I’ve talked a lot so far this month about how much I love writing the Kindred Spirits series, so here’s the confession of what I do NOT like about it. I am a monarchist, and proud of that fact, but I do wish that historically, our royal and noble families had been a teensy bit more original when it came to picking names for their children.
Practically every conversation I’ve written has included a Richard (of course), Edwards and Williams, and as for the women, there are far too many Annes, C/Katherines, and Marys for my liking. Something you’re taught early on in writing exercises is to avoid names which are too similar. Don’t have a Jan and Jon, or a Tim and Tom too close together on the page, and that’s perfectly sensible – it’s far too easy to get your cast muddled if they all sound alike. But when you’re writing about real people, you don’t really have a choice. Throughout all four Kindred Spirits books, and especially during the Sisterhood submission, I’ve tried to avoid simply using first names, and tried to mix in nicknames, for example with the two Georges, Boleyn and Clarence, or using phrases to describe them, e.g. the Tudor queen, when Queens Anne Neville and Anne of Cleves are speaking to each other.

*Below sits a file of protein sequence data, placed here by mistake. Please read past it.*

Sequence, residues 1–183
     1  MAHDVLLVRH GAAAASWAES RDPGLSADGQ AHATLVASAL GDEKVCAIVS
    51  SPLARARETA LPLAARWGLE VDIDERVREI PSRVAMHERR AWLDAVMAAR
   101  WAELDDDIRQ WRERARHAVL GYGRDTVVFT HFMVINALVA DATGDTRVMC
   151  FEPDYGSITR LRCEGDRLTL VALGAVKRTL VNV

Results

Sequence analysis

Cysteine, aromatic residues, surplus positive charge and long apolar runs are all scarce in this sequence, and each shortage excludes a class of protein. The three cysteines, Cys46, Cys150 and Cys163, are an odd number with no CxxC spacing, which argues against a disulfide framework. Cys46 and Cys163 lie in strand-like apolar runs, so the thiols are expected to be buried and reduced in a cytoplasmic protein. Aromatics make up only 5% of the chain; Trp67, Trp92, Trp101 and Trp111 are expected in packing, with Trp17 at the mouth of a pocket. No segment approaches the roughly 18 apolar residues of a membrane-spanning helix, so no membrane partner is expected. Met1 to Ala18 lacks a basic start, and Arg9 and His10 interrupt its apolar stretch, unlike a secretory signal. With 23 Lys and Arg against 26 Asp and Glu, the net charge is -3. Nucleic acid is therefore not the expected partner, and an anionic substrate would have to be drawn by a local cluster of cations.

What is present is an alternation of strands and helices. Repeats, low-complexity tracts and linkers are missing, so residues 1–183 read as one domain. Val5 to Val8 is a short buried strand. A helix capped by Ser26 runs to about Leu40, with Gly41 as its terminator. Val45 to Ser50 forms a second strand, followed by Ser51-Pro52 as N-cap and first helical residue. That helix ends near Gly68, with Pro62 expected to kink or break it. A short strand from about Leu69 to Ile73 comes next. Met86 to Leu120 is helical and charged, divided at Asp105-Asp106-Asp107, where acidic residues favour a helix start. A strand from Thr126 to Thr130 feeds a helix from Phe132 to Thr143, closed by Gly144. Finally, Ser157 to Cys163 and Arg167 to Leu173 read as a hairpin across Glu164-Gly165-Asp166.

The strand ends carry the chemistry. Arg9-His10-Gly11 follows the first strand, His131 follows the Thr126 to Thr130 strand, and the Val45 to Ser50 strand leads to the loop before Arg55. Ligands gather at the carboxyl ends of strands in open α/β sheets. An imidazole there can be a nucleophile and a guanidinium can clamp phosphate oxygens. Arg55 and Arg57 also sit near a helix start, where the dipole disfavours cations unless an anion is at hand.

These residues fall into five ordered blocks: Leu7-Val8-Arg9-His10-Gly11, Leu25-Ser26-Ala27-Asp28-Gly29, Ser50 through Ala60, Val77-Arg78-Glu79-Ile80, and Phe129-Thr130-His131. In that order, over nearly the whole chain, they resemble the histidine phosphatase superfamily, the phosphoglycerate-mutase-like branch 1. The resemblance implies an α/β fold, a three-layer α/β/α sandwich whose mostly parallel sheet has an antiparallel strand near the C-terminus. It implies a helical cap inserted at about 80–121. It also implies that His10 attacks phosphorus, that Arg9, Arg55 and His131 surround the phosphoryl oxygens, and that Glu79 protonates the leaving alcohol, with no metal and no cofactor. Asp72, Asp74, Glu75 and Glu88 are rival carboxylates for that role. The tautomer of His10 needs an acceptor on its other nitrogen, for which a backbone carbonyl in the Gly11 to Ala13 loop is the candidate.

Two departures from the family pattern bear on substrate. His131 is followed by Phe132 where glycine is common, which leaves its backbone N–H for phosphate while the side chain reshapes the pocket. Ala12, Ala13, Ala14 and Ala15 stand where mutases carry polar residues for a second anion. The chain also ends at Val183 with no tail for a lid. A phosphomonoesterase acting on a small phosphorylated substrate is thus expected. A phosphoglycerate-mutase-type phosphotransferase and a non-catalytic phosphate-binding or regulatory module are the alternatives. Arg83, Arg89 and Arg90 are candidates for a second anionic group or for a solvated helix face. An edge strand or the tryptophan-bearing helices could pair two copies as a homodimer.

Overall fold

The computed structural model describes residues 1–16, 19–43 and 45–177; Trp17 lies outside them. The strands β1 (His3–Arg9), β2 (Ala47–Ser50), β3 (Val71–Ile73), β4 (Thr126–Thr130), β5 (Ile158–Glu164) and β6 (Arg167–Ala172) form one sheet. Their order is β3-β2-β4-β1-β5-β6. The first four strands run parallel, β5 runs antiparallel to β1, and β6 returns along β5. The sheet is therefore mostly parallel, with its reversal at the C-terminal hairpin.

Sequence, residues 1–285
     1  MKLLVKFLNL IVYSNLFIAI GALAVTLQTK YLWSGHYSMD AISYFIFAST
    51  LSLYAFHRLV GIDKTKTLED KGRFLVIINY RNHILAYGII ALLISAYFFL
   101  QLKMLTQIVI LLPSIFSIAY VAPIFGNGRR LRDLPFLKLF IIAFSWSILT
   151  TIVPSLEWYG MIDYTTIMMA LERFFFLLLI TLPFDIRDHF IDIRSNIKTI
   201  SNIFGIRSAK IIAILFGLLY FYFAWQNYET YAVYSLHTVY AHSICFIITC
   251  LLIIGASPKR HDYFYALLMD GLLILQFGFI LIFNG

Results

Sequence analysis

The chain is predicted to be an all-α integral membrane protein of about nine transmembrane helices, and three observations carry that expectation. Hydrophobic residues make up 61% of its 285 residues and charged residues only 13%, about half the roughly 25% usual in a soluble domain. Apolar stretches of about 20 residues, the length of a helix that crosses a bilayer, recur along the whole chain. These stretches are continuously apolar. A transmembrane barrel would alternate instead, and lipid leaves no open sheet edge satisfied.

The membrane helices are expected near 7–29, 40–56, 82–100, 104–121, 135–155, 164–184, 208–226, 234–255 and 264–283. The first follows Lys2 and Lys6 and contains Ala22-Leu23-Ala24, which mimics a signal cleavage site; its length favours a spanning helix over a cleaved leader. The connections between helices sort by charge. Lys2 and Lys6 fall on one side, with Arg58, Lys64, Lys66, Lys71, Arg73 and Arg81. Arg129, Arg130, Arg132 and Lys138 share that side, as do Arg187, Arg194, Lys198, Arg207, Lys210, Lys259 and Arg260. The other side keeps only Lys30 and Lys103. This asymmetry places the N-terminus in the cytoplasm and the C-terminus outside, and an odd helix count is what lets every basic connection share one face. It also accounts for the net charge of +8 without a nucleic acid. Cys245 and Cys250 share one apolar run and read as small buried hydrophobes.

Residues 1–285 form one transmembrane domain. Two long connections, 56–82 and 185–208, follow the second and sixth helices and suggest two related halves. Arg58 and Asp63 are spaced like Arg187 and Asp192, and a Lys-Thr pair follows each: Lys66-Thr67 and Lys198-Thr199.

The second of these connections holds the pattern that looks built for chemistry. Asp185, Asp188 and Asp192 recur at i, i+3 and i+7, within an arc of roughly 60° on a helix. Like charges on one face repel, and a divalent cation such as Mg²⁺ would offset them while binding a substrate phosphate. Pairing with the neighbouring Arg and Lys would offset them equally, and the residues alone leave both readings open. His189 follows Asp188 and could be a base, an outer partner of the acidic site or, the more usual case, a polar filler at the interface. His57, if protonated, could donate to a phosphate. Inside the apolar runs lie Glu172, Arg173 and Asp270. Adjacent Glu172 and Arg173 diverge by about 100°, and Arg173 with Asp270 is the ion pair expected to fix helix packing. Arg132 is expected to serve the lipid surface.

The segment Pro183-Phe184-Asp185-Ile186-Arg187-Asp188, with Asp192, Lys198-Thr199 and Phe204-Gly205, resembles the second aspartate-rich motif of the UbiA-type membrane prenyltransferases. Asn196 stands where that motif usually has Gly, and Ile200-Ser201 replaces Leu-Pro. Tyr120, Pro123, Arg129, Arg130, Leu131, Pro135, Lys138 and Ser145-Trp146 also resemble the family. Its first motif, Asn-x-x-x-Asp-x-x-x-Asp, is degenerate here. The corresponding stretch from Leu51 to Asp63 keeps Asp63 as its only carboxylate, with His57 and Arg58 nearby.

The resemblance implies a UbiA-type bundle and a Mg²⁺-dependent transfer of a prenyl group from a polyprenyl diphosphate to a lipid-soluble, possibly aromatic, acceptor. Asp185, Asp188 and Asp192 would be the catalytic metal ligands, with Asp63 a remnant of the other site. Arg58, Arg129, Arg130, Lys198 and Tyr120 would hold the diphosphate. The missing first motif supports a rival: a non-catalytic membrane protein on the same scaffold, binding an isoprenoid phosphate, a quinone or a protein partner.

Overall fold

It isn’t perfect though, and I’ll be honest, a couple of times, I changed who was speaking to who, if I could get my point across just as easily by having different people in the scene. If Anne of Cleves could just as easily become Elizabeth of York, then that’s what happened.
Going forward, apart from the cast I’ve already got, when I visit new places, I think name differentiation will definitely be a factor in thinking about who I include! Mind, that does essentially exclude half the Scottish kings – having more than two James speaking in a group could potentially be the end of me!
For both readers and writers of historical fiction, how do you cope with naming difficulties? Do you ever find yourself getting muddled?